The 11th Philstage Gawad Buhay Awards (Read “‘Himala,’ APO musical triumph in 11th Gawad Buhay” by Vincen Gregory Yu, June 1, 2019) at Onstage Theater, Greenbelt 1, was both a celebration and a call to arms for the next generation to build on the legacy of its forefathers in the arts.
The time is now. A widening gap has to be filled. Some of the “elder statesmen/women” of Philippine theater have long departed. And the disciples of these pioneers—the former leading men and women of the stage—are doing parental and more mature roles; the directors once hailed as trailblazers are now mentors backstage.
The good news is, the younger generation is emerging, and the Gawad Buhay Awards made sure that the audience took note. As the theater pillars went onstage to present the 25 awards on May 28, each of them was accompanied by a youthful counterpart—hence, the proliferation of titos and titas who were treated with gratitude, if not reverence.
‘Aunts and uncles’
Red Turnip Theater’s Cris Villonco, whose directorial debut in “A Doll’s House Part 2” won the Outstanding Stage Direction for a Play, tearfully thanked her “aunts and uncles” who had made the victory possible.
She was referring to the veteran thespians she had directed in that production: Menchu Lauchengco-Yulo, Sheila Francisco, and her uncle, Carlitos Siguion-Reyna, a prominent film director who was new in theater performance.
Radio DJ Jobim Javier, hailed as one of theater’s breakout stars of 2018, thanked his father, APO Hiking Society’s Danny Javier, after winning the Male Lead Performance for his role as the playboy-with-a-heart in 9 Works Theatrical’s “Eto Na! Musikal nAPO!,” the popular jukebox musical based on APO’s discography.
“This is for you, Dad, wherever you are—most likely at home, where I left you,” he said in a quasi-somber tone.
The mixture of solemnity and ribbing and heckling showed how the theater community was a close-knit family.
Stage and film veteran Ricky Davao butted heads with one of musical theater’s princes, Jef Flores, as they presented the awards for Best Male Lead in a Play.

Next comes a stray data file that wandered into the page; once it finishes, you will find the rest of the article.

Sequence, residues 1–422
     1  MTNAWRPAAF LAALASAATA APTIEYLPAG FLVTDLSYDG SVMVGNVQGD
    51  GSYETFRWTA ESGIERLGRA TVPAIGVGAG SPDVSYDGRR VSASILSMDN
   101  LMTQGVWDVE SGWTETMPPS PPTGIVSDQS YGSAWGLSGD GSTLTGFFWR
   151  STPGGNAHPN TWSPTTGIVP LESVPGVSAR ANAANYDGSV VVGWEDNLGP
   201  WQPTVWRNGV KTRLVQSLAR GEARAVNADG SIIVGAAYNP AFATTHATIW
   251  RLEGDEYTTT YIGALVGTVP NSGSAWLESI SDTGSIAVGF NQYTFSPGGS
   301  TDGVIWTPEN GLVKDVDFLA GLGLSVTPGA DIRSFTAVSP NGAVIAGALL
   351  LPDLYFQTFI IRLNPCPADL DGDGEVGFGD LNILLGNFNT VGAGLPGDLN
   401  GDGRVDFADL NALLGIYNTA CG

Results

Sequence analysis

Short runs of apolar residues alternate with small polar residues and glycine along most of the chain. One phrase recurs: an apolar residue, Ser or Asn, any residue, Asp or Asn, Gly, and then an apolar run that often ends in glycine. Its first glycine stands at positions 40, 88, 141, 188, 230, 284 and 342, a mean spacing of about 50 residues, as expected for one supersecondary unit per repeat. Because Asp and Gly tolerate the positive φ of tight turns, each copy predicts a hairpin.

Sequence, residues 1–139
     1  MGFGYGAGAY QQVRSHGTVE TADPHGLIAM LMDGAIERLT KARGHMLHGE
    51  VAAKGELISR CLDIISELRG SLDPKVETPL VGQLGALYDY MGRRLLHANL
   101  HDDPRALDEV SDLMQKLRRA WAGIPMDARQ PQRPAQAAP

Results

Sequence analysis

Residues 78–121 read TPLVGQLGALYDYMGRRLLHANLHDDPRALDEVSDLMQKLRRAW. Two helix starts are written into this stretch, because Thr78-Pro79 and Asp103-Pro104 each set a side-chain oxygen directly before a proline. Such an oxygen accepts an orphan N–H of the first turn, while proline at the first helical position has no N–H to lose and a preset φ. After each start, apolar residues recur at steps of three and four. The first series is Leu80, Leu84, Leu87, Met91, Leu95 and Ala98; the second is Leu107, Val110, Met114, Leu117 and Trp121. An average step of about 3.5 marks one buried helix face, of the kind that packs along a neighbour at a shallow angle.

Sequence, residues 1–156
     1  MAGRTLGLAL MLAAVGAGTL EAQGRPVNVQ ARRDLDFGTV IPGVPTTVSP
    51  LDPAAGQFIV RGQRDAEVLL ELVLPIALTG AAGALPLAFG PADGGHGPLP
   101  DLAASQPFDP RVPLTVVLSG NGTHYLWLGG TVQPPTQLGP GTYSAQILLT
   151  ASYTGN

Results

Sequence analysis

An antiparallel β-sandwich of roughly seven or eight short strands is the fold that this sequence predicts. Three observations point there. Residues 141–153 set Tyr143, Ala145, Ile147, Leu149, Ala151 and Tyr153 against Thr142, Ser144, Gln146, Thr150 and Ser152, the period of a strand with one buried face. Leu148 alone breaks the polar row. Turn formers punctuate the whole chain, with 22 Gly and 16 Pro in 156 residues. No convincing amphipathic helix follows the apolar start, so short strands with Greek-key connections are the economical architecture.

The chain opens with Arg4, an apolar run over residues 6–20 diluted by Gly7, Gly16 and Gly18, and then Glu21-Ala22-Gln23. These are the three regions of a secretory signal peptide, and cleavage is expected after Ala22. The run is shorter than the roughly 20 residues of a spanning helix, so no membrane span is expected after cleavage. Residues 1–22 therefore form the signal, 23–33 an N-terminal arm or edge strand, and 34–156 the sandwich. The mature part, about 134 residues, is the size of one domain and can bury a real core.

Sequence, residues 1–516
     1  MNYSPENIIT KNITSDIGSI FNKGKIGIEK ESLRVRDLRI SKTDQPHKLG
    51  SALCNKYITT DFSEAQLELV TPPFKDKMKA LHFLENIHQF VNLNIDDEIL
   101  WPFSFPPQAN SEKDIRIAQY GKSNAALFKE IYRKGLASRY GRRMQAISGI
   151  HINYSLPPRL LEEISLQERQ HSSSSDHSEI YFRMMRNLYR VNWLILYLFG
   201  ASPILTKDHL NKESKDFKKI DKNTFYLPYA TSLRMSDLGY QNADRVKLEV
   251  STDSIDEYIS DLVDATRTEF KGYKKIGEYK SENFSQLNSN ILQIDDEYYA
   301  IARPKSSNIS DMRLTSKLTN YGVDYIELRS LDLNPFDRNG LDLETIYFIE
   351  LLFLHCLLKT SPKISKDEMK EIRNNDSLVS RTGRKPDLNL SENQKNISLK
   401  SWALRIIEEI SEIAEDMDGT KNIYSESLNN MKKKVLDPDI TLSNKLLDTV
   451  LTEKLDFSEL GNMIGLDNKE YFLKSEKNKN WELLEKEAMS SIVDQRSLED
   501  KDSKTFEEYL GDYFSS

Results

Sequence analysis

Sweet Plantado-Tiongson (The CompanY) took a friendly swipe at copresenter and fellow composer Ejay Yatco: “It’s okay that you won an award because I am famous naman.” Yatco won the 2018 Gawad Buhay for Best Musical Direction for Repertory Philippines’ “Hair.”
That night, the theater artist —either as awardee or presenter—had the chance to talk about his/her legacy and what he/she learned from their mentors.
The more poignant recollection came from Ballet Manila artistic director Lisa Macuja-Elizalde, who, with National Artist for Dance Alice Reyes, presented the lifetime achievement award (Natatanging Gawad Buhay) to dance legend Felicitas Radaic.
Macuja-Elizalde recalled how, when she was 15, her parents were putting pressure on her to give up ballet for a safer career—in finance.
Radaic somehow learned about her dilemma and wrote a letter to Lisa’s parents, Cesar and Susan Macuja: “The Philippines has so many accountants, but we do not have many ballerinas. Let your daughter pursue her dream.”
The most heartfelt speech came from Sheila Francisco, who went from tearful, silent to screaming with joy, after winning Best Female Featured Performance in a Play for her role as the smart, saucy housekeeper in “A Doll’s House Part 2.”
“I don’t know what to say,” she stammered. “I just want to stay here.”
But what brought the house down was her walk down memory lane: “I want to thank director Freddie Santos for believing in me and inspiring me to go into theater… although Audie [Gemora] did not think I was good enough!” Then, spotting Gemora, Philstage cofounder and president, in the audience, she barked, “Audie… ha!”
Gemora was game enough to stand up and applaud.
Perhaps the best speech was by director and playwright Jaime del Mundo, who presented the Outstanding Stage Direction Award for Best Musical. Standing beside his protégé, acclaimed actor and up-and-coming director Nelsito Gomez, Del Mundo said: “We are standing on the shoulders of giants … The names will be forgotten, but the legacy will not. The lessons will live, and we can raise the bar… and the new generation can stand on our shoulders.”
Gomez affirmed: “We will pursue the legacy and pass it on. We will show how far the Filipino theater artist can go.”
Driving home that message later was the event’s last performance, mostly by the bright young students from the Ateneo Blue Repertory, Trumpets Playshop, Tuloy Foundation, and the Philippine Opera Company.
As Gemora reiterated on his Facebook post: They are the future of Philippine theater. —CONTRIBUTED